The rollercoaster tale of the Ringlings, the art-crazed circus master who became the architect of contemporary Sarasota, goes a long way to defining the importance of culture to this corner of Florida. The opulence of their 36,000 sq ft waterfront and the expansive grounds that home a Renaissance-style art museum, the 1798 theatre moved from Italy, the repertory theatre with a big reputation; Sarasota and the arts will always be intrinsically linked to The Ringling, but it is not where that association begins and ends. Not close.
One of the world’s richest men at the turn of the 20th century, John Ringling’s architectural leanings were very much toward the side of European classicism; the lure of the continent’s antiquity surely a way to display wealth in a United States with little of its own history. Those grand statements of intent, though, are not the only surprising styles of architecture to be found on The Ringling’s grounds, though, that is until 7 April at least. A replica of Paul Rudolph’s cherished 1952 Walker Guest House has been on show — in collaboration with Sarasota Architectural Foundation — since late 2015; and with the reason why comes another unforeseen revelation about Sarasota’s cultural legacy.
Think mid-century modernism and you think California; you think of Palm Springs and of Charles and Ray Eames. You, or at least I, probably didn’t think of Florida’s Gulf Coast. But that’s the reason why this replica of Rudolph’s modernist beach cottage is here. Built on Sanibel Island in 1952, and considered a trailblazer among subtropical architecture, the architect’s Walker Guest House defines the aesthetic known as the Sarasota School of Architecture; a pioneering branch of mid-century modern that owed much to Florida’s tropical climes with its indoors-outdoors approach.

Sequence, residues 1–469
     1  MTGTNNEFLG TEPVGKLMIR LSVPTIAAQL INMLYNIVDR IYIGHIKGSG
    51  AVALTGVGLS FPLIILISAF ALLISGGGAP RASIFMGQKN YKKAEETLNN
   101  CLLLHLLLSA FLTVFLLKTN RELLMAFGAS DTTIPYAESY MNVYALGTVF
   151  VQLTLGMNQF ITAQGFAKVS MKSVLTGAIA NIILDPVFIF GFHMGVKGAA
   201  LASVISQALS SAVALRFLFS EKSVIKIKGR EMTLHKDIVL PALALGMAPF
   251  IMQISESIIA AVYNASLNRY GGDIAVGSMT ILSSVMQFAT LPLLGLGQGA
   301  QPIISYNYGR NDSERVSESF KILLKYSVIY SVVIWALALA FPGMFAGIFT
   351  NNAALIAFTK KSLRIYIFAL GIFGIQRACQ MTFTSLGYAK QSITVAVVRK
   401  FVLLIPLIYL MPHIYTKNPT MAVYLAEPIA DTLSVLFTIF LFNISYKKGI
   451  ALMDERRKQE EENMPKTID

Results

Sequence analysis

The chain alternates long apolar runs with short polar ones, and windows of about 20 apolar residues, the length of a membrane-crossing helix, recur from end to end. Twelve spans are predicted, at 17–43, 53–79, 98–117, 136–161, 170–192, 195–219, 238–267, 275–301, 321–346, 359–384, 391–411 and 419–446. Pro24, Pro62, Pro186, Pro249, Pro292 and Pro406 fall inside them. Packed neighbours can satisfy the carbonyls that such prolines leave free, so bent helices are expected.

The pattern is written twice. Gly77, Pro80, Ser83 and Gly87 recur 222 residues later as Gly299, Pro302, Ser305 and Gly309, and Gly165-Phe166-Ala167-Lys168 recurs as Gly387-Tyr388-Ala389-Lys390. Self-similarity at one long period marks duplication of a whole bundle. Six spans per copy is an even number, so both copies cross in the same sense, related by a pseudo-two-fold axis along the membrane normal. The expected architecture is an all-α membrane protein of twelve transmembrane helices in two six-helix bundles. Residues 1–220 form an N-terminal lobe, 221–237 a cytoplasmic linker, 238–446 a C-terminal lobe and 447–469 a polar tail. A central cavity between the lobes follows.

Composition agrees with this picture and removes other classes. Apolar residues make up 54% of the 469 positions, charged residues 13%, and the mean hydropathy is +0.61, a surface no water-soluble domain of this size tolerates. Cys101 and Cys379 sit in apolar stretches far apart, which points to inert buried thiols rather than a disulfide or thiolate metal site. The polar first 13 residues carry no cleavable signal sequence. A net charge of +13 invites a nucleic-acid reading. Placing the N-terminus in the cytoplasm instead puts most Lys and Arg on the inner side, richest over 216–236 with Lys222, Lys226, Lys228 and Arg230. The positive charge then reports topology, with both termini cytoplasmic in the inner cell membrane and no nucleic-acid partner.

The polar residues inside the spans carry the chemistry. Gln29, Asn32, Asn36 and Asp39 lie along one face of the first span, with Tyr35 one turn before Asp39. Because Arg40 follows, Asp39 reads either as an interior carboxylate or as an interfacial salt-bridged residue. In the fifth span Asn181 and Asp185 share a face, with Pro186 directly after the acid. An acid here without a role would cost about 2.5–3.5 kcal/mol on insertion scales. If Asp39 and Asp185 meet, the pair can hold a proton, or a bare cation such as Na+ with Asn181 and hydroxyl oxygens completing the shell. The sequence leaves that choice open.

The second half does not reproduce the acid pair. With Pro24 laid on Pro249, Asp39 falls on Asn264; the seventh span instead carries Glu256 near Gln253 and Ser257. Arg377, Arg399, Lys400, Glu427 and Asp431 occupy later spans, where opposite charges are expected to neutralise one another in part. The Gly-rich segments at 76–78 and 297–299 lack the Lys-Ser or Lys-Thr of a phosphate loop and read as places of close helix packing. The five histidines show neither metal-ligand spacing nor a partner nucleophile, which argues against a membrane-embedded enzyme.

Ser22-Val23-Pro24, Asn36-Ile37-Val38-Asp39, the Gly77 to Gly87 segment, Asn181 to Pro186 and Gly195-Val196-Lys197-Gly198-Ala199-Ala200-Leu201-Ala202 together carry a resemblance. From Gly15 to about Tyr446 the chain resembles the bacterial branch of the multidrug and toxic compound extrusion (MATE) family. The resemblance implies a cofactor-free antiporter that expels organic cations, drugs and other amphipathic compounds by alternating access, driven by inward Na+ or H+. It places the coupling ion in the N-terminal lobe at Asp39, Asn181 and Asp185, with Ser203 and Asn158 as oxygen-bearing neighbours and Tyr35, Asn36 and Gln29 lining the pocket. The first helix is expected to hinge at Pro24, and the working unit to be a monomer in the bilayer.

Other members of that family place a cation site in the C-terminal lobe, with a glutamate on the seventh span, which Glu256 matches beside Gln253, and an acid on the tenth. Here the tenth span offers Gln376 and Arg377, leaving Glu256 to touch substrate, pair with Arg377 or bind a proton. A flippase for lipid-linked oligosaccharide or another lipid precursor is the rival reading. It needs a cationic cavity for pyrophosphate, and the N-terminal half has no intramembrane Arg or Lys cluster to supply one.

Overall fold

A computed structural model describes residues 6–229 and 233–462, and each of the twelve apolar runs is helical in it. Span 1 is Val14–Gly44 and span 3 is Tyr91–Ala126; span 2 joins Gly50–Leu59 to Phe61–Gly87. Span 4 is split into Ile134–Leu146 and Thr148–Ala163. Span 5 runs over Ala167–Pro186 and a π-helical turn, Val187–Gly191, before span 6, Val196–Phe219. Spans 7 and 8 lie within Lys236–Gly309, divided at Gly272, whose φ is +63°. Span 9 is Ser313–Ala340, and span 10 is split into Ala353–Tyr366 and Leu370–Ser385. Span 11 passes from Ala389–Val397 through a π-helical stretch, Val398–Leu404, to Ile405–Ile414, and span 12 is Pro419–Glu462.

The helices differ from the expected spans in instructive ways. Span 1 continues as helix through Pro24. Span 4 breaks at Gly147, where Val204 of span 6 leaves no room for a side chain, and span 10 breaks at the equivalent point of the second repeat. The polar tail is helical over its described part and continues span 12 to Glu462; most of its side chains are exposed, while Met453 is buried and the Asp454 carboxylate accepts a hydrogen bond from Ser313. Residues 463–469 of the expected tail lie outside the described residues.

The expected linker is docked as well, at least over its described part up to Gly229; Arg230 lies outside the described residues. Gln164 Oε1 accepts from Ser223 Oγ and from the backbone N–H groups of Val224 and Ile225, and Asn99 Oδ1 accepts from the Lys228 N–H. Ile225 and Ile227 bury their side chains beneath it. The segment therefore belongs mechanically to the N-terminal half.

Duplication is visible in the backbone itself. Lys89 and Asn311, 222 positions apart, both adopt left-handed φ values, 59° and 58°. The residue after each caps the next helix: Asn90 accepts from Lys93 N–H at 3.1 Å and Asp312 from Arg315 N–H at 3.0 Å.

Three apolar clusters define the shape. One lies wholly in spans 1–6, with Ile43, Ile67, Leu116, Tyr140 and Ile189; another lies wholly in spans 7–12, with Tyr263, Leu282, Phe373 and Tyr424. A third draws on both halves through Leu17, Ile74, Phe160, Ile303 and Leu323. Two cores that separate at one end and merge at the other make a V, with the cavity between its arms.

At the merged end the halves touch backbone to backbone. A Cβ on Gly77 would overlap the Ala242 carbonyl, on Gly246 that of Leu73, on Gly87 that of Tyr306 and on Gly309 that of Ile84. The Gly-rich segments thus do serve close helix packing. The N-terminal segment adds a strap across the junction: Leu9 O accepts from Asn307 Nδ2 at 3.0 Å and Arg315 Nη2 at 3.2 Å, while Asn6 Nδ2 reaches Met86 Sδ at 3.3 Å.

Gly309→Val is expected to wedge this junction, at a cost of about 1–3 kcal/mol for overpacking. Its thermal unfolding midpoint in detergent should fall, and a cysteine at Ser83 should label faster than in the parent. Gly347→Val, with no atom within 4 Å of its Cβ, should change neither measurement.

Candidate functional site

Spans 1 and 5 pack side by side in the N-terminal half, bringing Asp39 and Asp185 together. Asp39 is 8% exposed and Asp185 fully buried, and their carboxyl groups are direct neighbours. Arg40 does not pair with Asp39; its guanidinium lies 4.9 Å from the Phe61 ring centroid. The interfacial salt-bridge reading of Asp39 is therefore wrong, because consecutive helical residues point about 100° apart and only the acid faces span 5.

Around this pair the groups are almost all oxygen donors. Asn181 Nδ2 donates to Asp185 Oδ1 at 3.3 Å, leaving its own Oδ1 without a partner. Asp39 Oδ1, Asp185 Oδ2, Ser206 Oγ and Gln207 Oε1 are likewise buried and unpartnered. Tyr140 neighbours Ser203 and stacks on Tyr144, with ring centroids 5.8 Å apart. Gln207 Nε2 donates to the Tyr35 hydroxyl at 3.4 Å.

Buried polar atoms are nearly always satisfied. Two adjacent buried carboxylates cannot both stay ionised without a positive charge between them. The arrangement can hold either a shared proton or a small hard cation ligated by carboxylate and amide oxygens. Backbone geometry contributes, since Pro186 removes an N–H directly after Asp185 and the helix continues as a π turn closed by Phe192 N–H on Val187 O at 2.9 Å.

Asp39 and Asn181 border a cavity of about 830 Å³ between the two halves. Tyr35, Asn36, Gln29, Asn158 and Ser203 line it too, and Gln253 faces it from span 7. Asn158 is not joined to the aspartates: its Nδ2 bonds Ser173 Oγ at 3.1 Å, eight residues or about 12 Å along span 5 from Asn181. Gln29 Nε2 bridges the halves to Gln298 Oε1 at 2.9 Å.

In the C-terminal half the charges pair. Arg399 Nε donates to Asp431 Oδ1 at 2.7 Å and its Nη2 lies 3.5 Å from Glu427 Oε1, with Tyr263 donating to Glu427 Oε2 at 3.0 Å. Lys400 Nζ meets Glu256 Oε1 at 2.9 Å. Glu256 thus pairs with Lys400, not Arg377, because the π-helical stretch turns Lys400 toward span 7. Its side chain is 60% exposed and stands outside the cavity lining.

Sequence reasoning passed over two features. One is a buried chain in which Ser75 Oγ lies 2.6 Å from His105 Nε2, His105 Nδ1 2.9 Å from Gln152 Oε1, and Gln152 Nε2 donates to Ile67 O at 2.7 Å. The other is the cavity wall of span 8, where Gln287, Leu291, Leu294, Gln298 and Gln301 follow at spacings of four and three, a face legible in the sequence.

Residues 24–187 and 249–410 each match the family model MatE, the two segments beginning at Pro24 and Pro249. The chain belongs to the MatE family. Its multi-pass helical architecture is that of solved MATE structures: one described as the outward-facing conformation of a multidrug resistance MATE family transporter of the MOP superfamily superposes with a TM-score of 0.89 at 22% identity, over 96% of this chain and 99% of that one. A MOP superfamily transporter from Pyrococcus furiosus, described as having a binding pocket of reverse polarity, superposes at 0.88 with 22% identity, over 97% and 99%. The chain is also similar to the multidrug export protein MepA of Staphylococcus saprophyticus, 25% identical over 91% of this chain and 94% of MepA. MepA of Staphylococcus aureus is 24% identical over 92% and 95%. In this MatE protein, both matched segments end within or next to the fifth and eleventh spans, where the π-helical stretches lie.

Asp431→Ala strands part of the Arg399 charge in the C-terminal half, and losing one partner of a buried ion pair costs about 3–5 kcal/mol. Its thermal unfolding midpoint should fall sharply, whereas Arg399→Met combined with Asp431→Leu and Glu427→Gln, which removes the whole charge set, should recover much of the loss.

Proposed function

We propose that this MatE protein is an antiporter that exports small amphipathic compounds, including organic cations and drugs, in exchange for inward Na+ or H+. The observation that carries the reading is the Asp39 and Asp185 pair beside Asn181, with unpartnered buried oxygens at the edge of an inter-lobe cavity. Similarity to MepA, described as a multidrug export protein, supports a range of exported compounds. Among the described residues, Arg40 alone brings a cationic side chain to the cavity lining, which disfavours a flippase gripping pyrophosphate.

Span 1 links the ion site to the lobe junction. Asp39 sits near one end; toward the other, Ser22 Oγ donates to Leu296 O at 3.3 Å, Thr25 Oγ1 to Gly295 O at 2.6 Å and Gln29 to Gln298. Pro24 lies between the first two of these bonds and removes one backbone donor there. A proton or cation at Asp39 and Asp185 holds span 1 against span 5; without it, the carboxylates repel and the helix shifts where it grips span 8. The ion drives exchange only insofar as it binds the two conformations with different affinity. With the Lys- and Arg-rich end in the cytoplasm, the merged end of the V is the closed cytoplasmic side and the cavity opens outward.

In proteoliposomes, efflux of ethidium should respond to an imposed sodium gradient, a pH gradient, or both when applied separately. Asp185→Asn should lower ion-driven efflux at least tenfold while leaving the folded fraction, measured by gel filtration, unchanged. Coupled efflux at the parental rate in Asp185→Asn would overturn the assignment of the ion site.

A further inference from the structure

Also referred to as Sarasota Modern, some of the style’s finest examples can still be seen on barrier island Lido Key; connected to mainland Sarasota by (you guessed it) John Ringling Causeway. Sat between Longboat Key and St. Armands Key, it’s an area of sublime natural beauty; manmade too. Other Rudolph landmarks — his Umbrella House and Harkavy House — are here, as are properties by many other preeminent architects who made up the mid-1900s scene. The Sarasota Architectural Foundation’s annual SarasotaMOD Weekend organises tours, exhibitions and parties celebrating these icons; the area a draw for design professionals and enthusiasts the world over.
Opulent mock-Renaissance and groundbreaking mid-century modernism are not the only draw for keen architectural observers in Sarasota; Frank Lloyd Wright’s pioneering philosophy of organic architecture has a place in this Floridian city, too. If not by the hands of the great designer himself, as close to them as could be.
Apprentice; protégé; son-in-law, William Wesley Peters was a loyal servant to Wright, working closely with him on projects like Fallingwater and New York’s Guggenheim Museum. When local philanthropists Lewis and Eugenia Van Wezel wanted a new arts hall built at the tail-end of the 1960s, it was upon Peters they would call; and the world’s only purple seashell-shaped theatre was born. (The inspiration behind its shape came from seashells found in Japan by Wright’s wife, Olgivanna.)
‘I always remember coming here,’ recounts musical director Wynton Marsalis, as he leads his Jazz at Lincoln Center Orchestra. ‘It’s purple, we’ve played all over the world, and we ain’t never played nowhere else purple.’ Marsalis — who has performed with greats like Dizzy Gillespie and Herbie Hancock — raises a laugh from the full house, before getting in some well-timed digs about his new President (it’s the day of the strangest inauguration in American history); but it’s when the music is playing this jazz icon is really talking. Hailed as ‘the finest big band in the world today’, it’s a measure of the draw that the Van Wezel has; names like Billy Crystal, Steve Martin, Boz Scaggs and Dave Chappelle will follow hot on their heels.